20 Aug 2014
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Will You See Grunions in Dana Point Tonight?

If you feel inclined to try and see the silvery fish under the moonlit sky, head to Doheny State Beach during the early morning hours Sunday for a possible glimpse.

If you are looking for something out of the ordinary to do, and you happen to be up at a weird hour, you might want to head to for the annual grunion run to possibly see the slithery, silvery, moonlit Southern California phenomenon.

Grunion are among the few fish to spawn completely out of water. They do it by the thousands, and they do it only in Southern California. According to the California Fish and Game Department, the grunion are likely to spawn Saturday night (Sunday morning) between 12:35 a.m. and 1:30 a.m. in Dana Point, near Doheny State Beach.

But before you get in the car, Doheny closes its gate access at 10 p.m., so you will need to park elsewhere. Once you find a parking spot, head toward the north end of the beach between lifeguard towers 12 and 13. 

"It's not set in stone the times, and you may or may not get a chance to see them spawn," says Colin, a park aide "They are an animal and it has to do with the tide, the light level, and noise level. We are next to a harbor, so, it's iffy."

If you miss out this weekend he says there are a few other times this month to try again:

  • July 20 at 10:30 p.m.
  • July 21 at 11:10 p.m.
  • July 22 11:50 p.m.
  • July 23 12: 45 a.m.

Colin says he has never gone on a  grunion run but between 20 to 30 people typically come out including Boy Scouts groups and other locals.

If you are lucky enough to see a grunion run, it’s a pretty remarkable process, said Melissa Studer, project director for  Grunion.org, a Pepperdine University group of scientists, environmentalists and community members who monitor the grunion and educate the community about them.

“They are pretty important culturally to us because this doesn’t happen anywhere else in the world, and it’s a very unique experience,” she said.

The grunion spawn during the highest tide of the month from as early as March and as late as August, but April through June tends to be their most active period. When they spawn, the female fish will wash ashore on the high tide, wriggle a few inches into the sand, tail first, leaving her head exposed. She will lay about 3,000 eggs a few inches deep in the sand, and then the male fish will wrap around the female fish to fertilize the eggs.

Roughly 10 to 14 days later, the eggs will hatch, allowing the next generation to swim off with the tide. The grunion spawn at age 1 and have a life span that ranges from two to four years.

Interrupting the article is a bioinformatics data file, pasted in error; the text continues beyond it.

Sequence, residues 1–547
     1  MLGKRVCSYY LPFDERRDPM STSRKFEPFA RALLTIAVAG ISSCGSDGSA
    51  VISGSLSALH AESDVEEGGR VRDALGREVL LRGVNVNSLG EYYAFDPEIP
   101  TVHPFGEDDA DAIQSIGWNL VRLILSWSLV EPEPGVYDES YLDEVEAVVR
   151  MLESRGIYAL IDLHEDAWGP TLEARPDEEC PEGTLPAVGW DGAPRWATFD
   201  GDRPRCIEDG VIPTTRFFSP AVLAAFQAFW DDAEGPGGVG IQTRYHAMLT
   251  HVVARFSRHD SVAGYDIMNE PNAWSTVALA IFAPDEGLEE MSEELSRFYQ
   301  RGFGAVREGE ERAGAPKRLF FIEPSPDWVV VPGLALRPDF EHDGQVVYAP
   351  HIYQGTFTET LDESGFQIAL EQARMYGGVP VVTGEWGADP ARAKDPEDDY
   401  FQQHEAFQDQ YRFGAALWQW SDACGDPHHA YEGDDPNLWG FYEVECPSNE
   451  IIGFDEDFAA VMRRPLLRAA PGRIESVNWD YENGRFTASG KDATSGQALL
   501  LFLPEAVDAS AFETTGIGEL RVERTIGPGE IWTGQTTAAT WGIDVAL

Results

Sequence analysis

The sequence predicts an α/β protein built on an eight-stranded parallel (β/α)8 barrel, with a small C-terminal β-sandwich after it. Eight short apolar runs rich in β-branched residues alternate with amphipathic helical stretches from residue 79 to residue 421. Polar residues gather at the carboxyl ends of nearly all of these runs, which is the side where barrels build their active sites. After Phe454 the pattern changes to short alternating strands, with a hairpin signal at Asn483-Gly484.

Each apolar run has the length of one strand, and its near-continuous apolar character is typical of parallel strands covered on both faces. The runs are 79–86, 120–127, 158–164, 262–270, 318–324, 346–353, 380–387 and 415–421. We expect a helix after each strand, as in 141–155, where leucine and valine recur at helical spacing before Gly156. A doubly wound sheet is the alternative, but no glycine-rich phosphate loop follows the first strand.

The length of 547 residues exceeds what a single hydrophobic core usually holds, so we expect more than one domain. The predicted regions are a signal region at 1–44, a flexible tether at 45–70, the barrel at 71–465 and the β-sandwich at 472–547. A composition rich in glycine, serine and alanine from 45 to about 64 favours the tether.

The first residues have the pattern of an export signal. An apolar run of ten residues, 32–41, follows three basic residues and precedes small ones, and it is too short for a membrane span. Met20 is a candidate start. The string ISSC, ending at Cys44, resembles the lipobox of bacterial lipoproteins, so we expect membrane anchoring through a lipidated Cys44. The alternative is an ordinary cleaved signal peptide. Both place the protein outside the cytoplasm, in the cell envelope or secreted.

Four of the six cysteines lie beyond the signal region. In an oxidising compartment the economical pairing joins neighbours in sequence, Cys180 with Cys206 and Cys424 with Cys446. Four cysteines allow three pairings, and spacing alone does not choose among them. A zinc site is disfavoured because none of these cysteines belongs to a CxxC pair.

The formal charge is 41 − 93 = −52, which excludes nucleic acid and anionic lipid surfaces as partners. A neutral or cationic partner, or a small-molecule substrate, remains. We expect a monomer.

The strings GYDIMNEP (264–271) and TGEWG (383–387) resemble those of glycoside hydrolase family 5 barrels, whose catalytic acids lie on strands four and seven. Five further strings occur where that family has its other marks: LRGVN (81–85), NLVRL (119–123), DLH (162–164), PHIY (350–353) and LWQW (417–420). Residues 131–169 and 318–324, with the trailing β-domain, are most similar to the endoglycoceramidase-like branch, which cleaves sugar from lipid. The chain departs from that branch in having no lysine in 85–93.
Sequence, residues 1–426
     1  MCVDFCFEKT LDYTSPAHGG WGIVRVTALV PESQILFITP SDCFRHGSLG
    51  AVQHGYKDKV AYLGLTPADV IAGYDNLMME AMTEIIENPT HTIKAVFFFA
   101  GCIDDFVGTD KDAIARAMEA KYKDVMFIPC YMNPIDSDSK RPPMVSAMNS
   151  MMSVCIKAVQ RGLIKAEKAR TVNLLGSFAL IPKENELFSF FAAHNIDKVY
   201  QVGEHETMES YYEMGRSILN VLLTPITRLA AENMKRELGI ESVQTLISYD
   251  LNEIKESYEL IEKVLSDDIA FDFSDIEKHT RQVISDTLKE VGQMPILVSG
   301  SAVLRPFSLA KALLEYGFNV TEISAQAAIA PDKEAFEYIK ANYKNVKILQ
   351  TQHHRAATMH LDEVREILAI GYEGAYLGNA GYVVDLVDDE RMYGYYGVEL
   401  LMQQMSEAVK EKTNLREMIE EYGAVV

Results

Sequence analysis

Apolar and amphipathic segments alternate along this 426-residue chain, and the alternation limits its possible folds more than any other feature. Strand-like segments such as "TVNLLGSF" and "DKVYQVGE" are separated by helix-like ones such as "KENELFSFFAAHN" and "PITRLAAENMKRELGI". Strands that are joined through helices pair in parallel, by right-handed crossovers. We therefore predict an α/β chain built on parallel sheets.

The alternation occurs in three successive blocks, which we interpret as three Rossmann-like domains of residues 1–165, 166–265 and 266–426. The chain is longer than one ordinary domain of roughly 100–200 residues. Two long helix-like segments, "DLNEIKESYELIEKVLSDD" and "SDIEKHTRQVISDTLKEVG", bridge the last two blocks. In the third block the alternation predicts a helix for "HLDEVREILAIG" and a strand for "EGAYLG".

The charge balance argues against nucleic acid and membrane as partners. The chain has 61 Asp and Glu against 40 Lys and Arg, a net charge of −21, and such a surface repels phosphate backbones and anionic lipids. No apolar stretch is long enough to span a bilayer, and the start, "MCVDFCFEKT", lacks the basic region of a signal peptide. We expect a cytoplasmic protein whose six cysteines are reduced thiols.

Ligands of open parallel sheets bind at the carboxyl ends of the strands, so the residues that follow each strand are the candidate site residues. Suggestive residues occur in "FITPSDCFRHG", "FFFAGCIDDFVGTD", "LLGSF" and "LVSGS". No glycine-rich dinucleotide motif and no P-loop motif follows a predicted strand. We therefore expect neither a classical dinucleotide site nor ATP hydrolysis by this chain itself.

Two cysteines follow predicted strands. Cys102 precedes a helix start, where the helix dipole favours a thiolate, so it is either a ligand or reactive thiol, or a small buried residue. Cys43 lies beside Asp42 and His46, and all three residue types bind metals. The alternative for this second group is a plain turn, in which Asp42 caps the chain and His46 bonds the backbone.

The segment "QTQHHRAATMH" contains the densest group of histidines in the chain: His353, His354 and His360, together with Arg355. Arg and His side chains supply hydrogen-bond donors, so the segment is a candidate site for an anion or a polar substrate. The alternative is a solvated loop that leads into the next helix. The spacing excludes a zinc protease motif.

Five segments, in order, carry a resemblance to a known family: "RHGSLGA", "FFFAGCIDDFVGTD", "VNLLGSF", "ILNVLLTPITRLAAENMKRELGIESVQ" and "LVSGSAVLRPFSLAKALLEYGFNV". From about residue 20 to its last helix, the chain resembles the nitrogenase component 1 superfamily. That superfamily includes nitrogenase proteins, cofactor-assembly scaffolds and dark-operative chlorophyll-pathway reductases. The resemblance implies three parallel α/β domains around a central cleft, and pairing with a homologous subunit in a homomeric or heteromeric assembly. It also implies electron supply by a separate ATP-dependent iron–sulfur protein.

There is a two-hour window after high tide to see the grunion run. To see them, be patient and look for the shorebirds—they always know where to find the grunion.

The grunion play a big role in the ocean’s food chain, and observers will sometimes catch glimpses of small sharks and other predators during a run.

The grunion do prefer a sandy beach with flat slopes and quiet conditions. They spawn on beaches from Baja up to Point Conception.

Grunion are the object of a unique recreational fishery. These fish are famous for their remarkable spawning behavior, which evokes an “I don’t believe it!” response from people seeing or hearing about it for the first time, according to the California Deparment of Fish and Game website.

Most grunion seen on Southern California beaches are between 5 and 6 inches long, with some are as long as 7 inches. An average 1-year old male is 4½ inches long while a female the same age is slightly larger at 5 inches. Grunion mature and spawn at the end of the first year. At the end of two years, males average 5½ inches and females are around 5¾ inches long. By the end of three years, an average male is nearly 6 inches and a female is a little over 6¼ inches in length. Few live for more than three years, the website says.

Despite local concentrations, grunion are not abundant. The most critical problem facing the grunion resource is the loss of spawning habitat caused by beach erosion, harbor construction, and pollution. By the 1920s, the fishery was showing definite signs of depletion. A regulation was passed in 1927 establishing a closed season of three months, from April through June. The fishery improved, and in 1947 the closure was shortened to April through May. This closure is still in effect to protect grunion during their peak spawning period, reports the California Department of Fish and Game.

Grunion Run Tips:

  • Legally, you can use only your hands to capture the grunion.
  • People over the age of 16 must have a license to catch grunion.
  • Grunion cannot be captured in April or May.
  • Be sure to wait until after the fish have spawned before capturing them.
  • Only catch what you will use.

Violations can be reported to the California Department of Fish and Game at 1-888-DFG-CALTIP (1-888-334-2258).

Grunion.org asks for the public’s help in  reporting grunion sightings for monitoring purposes

Local Editor Paige Austin contributed to this report.

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